Diversity, Equity and Inclusion
The Place We Stand
First and foremost, we wish to acknowledge and pay our deep respect to the Traditional Caretakes of the land on which Thunderbird Ridge sits, the Tesuque and Tewa people and elders and ancestors — past, present and future. We acknowledge and offer deep gratitude to this Tesuque land, the rocks, trees, animals and water that supports us, for our endeavors both here physically, and as they move out virtually across the planet.
We are Expansive:
We stand for freedom and liberation from oppressive paradigms, orthodoxy, servitude and conformity. We stand for freedom of thought in defiance of dictatorship, white supremacy and oppression in all its forms.
We are Inclusive:
Black Lives Matter. Period. Black Lives Matter is more than words or a movement, it is a heartful invitation for all humans to rise in unity in the commitment to our highest dignity. When Black lives matter, all beings benefit. The call for Black lives to matter is a rallying cry for ALL Black lives striving for liberation. And we are working for a world where Black lives are no longer systematically targeted for demise.
We affirm the dignity and the lives of the L.G.B.T.Q.+ community, and of undocumented people, people with visible and invisible disabilities, people with records, and all people across all marginalized identities.
We follow the Kanyini principal (Aboriginal Australian term for unconditional love with responsibility) and in so doing, honor the sovereign lives of all beings – the plants, the animals, the rocks, trees, rivers and oceans. We take our vow of responsibility not only to protect these beings, but, in the name of liberation from oppression, recognize our shared belonging in equal membership as citizens of the world.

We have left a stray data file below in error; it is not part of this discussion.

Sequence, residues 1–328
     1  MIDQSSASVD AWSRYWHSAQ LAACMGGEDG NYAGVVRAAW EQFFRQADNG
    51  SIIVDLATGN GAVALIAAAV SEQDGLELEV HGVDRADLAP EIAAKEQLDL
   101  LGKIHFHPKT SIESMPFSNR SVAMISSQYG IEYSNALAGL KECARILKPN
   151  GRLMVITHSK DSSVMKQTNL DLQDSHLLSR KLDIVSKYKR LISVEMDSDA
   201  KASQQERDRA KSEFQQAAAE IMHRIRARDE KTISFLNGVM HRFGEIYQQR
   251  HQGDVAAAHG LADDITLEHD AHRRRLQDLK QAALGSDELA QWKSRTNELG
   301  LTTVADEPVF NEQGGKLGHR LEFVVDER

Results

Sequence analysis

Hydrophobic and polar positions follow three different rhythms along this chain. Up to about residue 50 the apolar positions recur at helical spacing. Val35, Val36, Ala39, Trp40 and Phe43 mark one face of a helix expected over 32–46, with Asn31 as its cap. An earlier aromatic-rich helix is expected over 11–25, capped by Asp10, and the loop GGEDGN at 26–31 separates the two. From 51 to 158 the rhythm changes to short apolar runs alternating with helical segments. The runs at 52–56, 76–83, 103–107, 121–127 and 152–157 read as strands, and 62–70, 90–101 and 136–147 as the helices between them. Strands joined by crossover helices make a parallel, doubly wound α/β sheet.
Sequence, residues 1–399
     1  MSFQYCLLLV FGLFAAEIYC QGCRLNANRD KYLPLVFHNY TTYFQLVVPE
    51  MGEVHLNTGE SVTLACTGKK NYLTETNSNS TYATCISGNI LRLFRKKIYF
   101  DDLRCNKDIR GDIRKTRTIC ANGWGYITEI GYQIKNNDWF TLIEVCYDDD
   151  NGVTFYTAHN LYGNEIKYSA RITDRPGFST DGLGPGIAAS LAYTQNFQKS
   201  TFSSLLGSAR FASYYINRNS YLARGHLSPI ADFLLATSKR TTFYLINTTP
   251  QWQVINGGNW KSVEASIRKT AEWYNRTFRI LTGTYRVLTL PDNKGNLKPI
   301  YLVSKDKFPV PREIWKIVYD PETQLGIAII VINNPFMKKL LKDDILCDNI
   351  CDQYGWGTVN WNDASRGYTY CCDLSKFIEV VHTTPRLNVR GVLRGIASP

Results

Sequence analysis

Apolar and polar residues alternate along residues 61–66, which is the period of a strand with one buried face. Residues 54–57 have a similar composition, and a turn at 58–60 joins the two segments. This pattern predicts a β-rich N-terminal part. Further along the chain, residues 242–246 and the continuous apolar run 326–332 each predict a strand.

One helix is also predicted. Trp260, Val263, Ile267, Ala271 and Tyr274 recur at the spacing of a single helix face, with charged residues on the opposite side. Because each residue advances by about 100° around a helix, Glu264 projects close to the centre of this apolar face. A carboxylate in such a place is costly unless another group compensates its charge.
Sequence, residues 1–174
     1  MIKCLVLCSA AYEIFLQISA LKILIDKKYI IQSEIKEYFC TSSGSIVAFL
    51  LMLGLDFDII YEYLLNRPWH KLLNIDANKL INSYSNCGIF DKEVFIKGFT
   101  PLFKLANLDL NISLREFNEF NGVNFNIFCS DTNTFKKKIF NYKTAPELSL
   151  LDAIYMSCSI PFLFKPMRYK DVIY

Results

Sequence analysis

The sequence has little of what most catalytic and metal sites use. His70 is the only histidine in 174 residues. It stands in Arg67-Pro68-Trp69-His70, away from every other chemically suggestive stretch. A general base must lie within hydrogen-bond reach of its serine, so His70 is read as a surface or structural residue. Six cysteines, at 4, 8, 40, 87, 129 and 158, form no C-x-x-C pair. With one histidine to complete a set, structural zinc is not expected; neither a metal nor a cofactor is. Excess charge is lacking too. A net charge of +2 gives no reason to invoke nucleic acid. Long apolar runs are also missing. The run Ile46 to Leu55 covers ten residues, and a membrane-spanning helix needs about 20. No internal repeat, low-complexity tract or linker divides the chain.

We are Called Forward:
We have been called forward as an organization and as individuals to soul search and take an honest moral inventory of our unconscious incompetency around racism, homophobia, xenophobia, sexism, classism, ageism and other forms of intolerance and to remove the blinders of our white privilege. As an organization, we have taken steps to have deeper conversations, increased learning and participated in educational programs with social justice activists such as Dr. Tiffany Jana.
We Give Voice
Silence makes us complicit inside a pervasive paradigm of oppression around the world. We are compelled to contribute our voice and our commitment to end violence and oppression in all its forms. We are providing a platform to share the voices of those who struggle to be heard.
We stand in solidarity with the families of George Floyd, Breonna Taylor, Ahmaud Arbery, Eric Garner, and the millions of others whose lives have been cut short due to racist-driven, hatred inspired, oppressive violence. We stand in solidarity with the millions of people from the L.G.B.T.Q.+ communities, undocumented people, people with visible and invisible disabilities, people with records, and all people across any marginalized identities who have been terrorized, tortured, beaten, maimed and killed because of who they were born to be and who they were born to love.
We are in the business of courageously pushing outside of comfort zones into true transformation. We support ourselves and others to courageously push through the comfort zones of ignorance, fear, shame and intolerance. And here is where the hope lies. We have taken the steps as an organization to have uncomfortable conversations with ourselves and each other, and will not tolerate those who do not meet our openness.
We Take Action:
- Proceeds of Flying Lead Change are donated to TEWA Women United.
- A portion of our time and efforts is donated by pro-bono engagements with under-served community members.
- We donate to the NAACP.
- Posting anti-racism resources and educational materials on our website.
- Using our voice in social media to promote anti-racism.
Ways to Help
Here is a list of suggestions called “75 Things White People Can Do for Racial Justice”. This list, compiled and continuously updated by Corinne Shutack, is excellent for Americans who are looking for ways to take action.
We continue to educate ourselves and learn about our inherent racism and oppressive habits and unconscious incompetency, and encourage our community to learn along with us. These three books are a great start:
- White Fragility, Why it’s so hard for White People to Talk About Racism by Robin Diangelo
- Caste, The Origins of Our Discontents by Isabel Wilkerson
- Subtle Acts of Exclusion, How to Understand, Identify, and Stop Microaggressions by Tiffany Jana and Michael Baran